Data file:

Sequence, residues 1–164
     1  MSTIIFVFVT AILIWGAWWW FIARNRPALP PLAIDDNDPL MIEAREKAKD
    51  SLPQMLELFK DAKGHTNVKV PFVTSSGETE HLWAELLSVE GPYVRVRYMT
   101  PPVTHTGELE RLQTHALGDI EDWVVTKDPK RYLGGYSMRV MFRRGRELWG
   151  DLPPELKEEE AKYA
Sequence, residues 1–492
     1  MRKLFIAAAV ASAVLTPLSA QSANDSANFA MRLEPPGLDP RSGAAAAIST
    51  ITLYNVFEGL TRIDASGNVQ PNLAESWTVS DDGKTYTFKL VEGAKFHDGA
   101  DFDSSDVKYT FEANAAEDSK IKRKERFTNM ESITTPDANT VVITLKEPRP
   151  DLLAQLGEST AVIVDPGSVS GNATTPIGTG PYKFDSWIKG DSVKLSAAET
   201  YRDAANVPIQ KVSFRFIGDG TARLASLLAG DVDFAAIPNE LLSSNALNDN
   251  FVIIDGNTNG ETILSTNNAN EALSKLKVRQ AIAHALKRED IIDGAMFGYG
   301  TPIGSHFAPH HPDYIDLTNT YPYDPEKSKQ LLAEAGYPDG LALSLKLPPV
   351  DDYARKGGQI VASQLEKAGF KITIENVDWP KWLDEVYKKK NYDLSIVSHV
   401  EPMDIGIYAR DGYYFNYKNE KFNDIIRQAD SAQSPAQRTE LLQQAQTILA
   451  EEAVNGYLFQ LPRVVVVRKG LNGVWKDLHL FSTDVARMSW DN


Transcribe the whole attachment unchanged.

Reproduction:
Sequence, residues 1–164
     1  MSTIIFVFVT AILIWGAWWW FIARNRPALP PLAIDDNDPL MIEAREKAKD
    51  SLPQMLELFK DAKGHTNVKV PFVTSSGETE HLWAELLSVE GPYVRVRYMT
   101  PPVTHTGELE RLQTHALGDI EDWVVTKDPK RYLGGYSMRV MFRRGRELWG
   151  DLPPELKEEE AKYA
Sequence, residues 1–492
     1  MRKLFIAAAV ASAVLTPLSA QSANDSANFA MRLEPPGLDP RSGAAAAIST
    51  ITLYNVFEGL TRIDASGNVQ PNLAESWTVS DDGKTYTFKL VEGAKFHDGA
   101  DFDSSDVKYT FEANAAEDSK IKRKERFTNM ESITTPDANT VVITLKEPRP
   151  DLLAQLGEST AVIVDPGSVS GNATTPIGTG PYKFDSWIKG DSVKLSAAET
   201  YRDAANVPIQ KVSFRFIGDG TARLASLLAG DVDFAAIPNE LLSSNALNDN
   251  FVIIDGNTNG ETILSTNNAN EALSKLKVRQ AIAHALKRED IIDGAMFGYG
   301  TPIGSHFAPH HPDYIDLTNT YPYDPEKSKQ LLAEAGYPDG LALSLKLPPV
   351  DDYARKGGQI VASQLEKAGF KITIENVDWP KWLDEVYKKK NYDLSIVSHV
   401  EPMDIGIYAR DGYYFNYKNE KFNDIIRQAD SAQSPAQRTE LLQQAQTILA
   451  EEAVNGYLFQ LPRVVVVRKG LNGVWKDLHL FSTDVARMSW DN